reply to post by popsmcgee
 




I think the only thing with a direct democracy would be
people would so easily able to vote themselves money


And how would that be the case?

There would still be regulatory bodies, parliamentary commissions, auditors etc.

Some of the major differences would be more transparent government and increased accountability of elected officials to the electorate.



it would be a gravy train.


And if that were true, which I doubt, how exactly would it differ from the current system which seems to provide an open fund for elected officials to help themselves to and to then regulate and 'censor' themselves?

The Swiss Model seems to work perfectly ok without much obvious corruption.
edit on 9/9/11 by Freeborn because: various typo's, grammar and spelling



posted on Sep, 9 2011 @ 04:02 AM
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With the internet, this is the first time in history where large countries can be practicaly governed by real direct democracy, just like ancient Athens. It would be an interesting experiment in governance, indeed.



posted on Sep, 9 2011 @ 04:18 AM
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Yes, swizerland is the only country i know of that has we the people in charge. All we other countries are slaves for the elite.

I have hope, but the pace towards that goal is awfully slow.



posted on Sep, 9 2011 @ 05:38 AM
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Originally posted by Freeborn
Some people maybe happy continuing with the same old same old and perservering with the existing system which not only supports the status quo but actually promotes it and is the mainstay of the elites stranglehold over this country and the complete lack of say the people really have in the running of this country.

I for one am sick of the carear politicians, of every political persuassion, who put their own personal advancement, financial gain and adherence to party line and political dogma before the wishes and interests of the constituents they are supposed to represent.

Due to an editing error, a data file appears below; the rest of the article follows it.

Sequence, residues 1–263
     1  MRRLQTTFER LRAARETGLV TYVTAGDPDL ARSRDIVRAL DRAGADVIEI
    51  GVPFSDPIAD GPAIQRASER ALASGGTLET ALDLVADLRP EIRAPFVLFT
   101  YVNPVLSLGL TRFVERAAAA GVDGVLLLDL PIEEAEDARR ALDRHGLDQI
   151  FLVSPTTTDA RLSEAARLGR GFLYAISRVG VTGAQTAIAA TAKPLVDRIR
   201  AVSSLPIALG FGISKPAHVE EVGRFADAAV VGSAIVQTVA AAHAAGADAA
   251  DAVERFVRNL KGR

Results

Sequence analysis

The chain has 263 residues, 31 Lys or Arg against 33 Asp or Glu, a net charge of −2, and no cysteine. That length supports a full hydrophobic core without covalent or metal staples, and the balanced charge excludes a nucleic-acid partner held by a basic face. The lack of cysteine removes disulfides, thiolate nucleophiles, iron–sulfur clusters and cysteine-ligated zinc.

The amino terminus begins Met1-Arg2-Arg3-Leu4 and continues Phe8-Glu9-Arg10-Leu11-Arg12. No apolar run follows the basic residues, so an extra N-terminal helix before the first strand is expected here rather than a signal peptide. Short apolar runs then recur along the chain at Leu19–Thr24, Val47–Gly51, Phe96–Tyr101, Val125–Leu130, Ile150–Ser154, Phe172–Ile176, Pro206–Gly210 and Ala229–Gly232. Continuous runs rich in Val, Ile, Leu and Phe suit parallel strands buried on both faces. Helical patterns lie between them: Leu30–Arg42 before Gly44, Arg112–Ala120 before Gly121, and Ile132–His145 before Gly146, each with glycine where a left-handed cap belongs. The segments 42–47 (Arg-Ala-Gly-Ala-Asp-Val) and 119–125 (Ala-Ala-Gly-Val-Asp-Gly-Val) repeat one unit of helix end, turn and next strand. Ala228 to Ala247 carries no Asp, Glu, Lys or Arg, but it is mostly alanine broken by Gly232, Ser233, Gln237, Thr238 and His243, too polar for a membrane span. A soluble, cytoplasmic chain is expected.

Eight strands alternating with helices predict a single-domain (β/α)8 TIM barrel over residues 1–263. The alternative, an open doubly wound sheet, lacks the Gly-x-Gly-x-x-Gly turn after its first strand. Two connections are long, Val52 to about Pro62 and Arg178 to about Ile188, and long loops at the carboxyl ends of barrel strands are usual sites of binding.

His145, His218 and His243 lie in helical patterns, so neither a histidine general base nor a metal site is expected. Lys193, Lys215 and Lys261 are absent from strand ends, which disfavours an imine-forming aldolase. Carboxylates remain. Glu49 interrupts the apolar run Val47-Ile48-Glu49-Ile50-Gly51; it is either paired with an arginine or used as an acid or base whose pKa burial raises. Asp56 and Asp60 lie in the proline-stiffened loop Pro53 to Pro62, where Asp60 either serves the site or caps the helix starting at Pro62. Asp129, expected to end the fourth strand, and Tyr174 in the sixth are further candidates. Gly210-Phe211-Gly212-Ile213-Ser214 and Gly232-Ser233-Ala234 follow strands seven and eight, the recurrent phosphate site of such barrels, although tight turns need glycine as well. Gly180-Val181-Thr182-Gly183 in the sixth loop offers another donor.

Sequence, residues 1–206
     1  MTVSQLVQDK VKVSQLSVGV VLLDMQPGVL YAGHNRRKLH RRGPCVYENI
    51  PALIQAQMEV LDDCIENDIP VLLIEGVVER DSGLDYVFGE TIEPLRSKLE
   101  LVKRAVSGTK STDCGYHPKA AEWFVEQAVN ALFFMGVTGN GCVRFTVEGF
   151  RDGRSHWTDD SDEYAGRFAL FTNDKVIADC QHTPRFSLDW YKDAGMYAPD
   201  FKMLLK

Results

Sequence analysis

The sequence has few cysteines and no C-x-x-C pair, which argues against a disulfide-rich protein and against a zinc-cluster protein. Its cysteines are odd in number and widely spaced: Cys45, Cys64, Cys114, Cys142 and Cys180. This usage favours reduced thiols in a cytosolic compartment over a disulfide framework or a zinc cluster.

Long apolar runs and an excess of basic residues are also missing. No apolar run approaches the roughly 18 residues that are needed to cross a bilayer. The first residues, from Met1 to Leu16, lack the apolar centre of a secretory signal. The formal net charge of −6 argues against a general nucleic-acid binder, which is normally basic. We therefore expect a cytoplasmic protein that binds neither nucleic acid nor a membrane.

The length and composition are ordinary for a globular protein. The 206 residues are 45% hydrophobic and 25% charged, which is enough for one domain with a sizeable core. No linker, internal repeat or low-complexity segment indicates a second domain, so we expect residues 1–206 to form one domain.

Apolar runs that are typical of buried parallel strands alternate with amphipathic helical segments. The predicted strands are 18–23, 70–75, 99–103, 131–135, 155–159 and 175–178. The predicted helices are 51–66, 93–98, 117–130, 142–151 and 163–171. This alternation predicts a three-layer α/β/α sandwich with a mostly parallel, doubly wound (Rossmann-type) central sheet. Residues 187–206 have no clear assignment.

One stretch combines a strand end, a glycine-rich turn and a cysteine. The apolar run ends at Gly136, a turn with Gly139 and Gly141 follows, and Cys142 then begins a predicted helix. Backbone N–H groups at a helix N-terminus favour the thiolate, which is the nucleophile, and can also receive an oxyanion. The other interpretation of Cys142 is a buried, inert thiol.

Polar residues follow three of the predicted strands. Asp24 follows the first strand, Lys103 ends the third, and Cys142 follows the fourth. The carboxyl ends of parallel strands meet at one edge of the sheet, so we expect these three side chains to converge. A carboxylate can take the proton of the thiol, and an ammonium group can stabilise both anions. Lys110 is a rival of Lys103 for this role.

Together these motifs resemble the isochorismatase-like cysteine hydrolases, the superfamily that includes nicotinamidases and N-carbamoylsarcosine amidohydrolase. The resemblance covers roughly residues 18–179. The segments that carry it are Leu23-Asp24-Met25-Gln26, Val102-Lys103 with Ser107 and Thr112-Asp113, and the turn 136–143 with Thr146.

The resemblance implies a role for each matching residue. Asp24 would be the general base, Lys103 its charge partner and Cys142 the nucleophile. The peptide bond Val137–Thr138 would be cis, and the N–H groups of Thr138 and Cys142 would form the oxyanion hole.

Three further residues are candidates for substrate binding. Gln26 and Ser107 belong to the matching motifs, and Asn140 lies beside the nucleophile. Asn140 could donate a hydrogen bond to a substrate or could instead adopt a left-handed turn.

I am sick of the system that perpetuates the circles of left and right and boom and bust.
A system that can enable a minority to rule unapposed with a wilful disregard for the cares and concerns of it's citizens.
A system that allows politicians and bureaucrats to completely ignore and fail to act upon election promises with impunity.


Remember there was a court case after the last election that was seeking to force candidates to hold to the promises they make during a campaign? They lost. Our current system gets them in the door - and once they're there they'll do everything to stay there.

The Independent wrote an article a few years back called 'The Unemployables.' A study had found that mp's just couldn't make the grade outside of public life. The article stated that this has been known for a long time. That's why we have quangos.

I don't know if our current system could be any more elitist or self serving than it already is - but it could surprise me yet.


Direct democracy is a proven system that offers real input from the electorate..

Of course it requires people to break free from the traditional viewpoint that MSM, the education system and all our political parties have forced upon us for decades that the current system is THE BEST and most workable system and offers democracy to this nations populations.


The base arguments against change have already been presented in this thread. 'Government by Daily Mail', 'voting to give ourselves lots of dosh.' The policies of the child - direct democracy requires the population to grow up and take responsibility and the consequences of their own decision making. Most of us want a secure and happy future for us for our kids I reckon.

The arguments against direct democracy on this thread are being made without consideration of how the system actually works. The Daily Telegraph article in the op makes clear that 94% of legislation goes through without the peoples' involvement because the reps are aware they are being monitored closely and do a good job. Benefit number 9 in my list is that the parliament couldn't evade enquiry or discussion on topics it wasn't comfortable with. It cleans up politics.